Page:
Overcoming Fear using Tribal Leadership
A typical meeting in most organizations is a murky soup of finger-pointing, defensiveness, arguing, fact-avoiding, and disengagement. Usually it’s a cold war characterized by a nagging lack of productivity, but it can quickly escalate into open hostility when the going gets tough.
These are hallmarks of Stage Two and Three cultures, and they are solidly rooted in fear – usually fear of failing, not being liked, being wrong, or being in uncomfortable situations. You can open the door to the authentic partnership of a Stage Four “we’re great” culture by using the following tools to remove fear:
- Build triads in which people relate to one another through Core Values.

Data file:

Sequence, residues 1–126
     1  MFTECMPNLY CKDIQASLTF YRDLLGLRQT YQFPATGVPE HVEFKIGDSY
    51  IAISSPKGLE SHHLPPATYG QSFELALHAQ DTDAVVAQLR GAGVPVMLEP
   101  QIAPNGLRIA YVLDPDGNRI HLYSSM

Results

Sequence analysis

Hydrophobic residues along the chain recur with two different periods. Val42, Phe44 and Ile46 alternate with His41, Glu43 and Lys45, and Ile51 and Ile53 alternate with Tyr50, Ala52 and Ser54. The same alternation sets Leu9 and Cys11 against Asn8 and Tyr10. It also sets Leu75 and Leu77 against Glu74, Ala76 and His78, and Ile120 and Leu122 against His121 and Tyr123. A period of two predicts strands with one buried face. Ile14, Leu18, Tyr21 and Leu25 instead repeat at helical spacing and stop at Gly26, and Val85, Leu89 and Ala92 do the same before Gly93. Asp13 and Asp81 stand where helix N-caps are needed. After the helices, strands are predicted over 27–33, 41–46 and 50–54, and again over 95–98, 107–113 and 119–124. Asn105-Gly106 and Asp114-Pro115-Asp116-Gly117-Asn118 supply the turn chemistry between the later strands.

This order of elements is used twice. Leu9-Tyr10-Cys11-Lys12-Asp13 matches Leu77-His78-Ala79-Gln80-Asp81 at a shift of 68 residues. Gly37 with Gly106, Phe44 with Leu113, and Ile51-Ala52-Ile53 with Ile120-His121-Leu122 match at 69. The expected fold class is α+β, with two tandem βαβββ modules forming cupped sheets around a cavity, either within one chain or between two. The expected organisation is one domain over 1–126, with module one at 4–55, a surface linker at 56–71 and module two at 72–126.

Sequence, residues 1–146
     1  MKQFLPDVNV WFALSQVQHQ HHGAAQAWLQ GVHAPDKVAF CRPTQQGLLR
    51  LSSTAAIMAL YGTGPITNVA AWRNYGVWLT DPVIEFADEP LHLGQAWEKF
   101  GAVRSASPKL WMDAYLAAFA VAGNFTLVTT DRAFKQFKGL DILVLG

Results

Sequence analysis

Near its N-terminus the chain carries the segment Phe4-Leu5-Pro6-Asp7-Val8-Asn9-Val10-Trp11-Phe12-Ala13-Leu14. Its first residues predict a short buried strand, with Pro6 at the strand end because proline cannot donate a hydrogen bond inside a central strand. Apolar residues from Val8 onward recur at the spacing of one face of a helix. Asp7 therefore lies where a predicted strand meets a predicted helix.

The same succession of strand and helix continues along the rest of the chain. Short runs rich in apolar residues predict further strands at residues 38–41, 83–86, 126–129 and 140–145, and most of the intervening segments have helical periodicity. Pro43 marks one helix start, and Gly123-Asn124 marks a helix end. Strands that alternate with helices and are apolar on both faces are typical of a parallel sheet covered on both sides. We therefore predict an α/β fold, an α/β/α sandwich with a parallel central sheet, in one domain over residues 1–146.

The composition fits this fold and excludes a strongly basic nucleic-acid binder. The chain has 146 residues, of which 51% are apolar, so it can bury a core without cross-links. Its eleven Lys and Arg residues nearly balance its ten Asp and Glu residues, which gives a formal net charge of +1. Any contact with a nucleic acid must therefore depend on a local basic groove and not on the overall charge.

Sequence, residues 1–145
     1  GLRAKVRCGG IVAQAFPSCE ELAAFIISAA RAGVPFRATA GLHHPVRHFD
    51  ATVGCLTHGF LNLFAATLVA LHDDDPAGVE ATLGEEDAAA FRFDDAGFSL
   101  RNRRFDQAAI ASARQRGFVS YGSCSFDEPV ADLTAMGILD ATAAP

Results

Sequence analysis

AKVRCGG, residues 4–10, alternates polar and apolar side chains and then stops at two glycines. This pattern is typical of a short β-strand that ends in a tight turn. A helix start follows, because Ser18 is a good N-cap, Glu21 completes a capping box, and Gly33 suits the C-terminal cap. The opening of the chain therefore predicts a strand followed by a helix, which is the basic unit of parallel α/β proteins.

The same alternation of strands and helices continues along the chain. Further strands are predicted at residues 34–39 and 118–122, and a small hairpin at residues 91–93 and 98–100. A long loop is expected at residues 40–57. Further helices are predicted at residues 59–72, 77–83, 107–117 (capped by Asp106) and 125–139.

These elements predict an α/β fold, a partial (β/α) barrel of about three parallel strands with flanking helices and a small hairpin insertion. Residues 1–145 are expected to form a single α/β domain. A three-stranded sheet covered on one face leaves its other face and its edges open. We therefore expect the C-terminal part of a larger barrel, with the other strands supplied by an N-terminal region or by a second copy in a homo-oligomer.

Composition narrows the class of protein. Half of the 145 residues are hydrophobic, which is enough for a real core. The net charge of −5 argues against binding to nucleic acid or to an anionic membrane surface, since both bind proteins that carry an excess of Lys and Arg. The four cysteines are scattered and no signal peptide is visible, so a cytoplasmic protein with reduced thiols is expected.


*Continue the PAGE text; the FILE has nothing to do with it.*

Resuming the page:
- Eliminate “no,” “but,” and “however,” from your vocabulary. Those words are a not-so-subtle way of saying I’m right and you’re wrong – a powerful fear trigger.
- Use processes like Six Thinking Hats to interrupt the unconscious tendency to shoot each other down.
- Re-evaluate “carrot and stick” incentives. Dan Pink provides ample evidence of just how counter-productive these can be in his TED talk. Is that big project bonus really motivating, or is it just creating fear of failure?
- Give people a reason to want to overcome their fear by articulating and reinforcing the tribe’s Noble Cause.
By eliminating common sources of fear, most teams will experience a surprising increase in energy, with ideas and solutions suddenly appearing in abundance.
Needle Moving Challenge
Your most powerful weapon against fear is a personal act of courage. At your next meeting, share an idea you might normally have kept to yourself. Ask a “stupid” question. Admit that you don’t know the answer. A small act of vulnerability often allows the whole group to breathe a sigh of relief, take off their armor, and begin working together.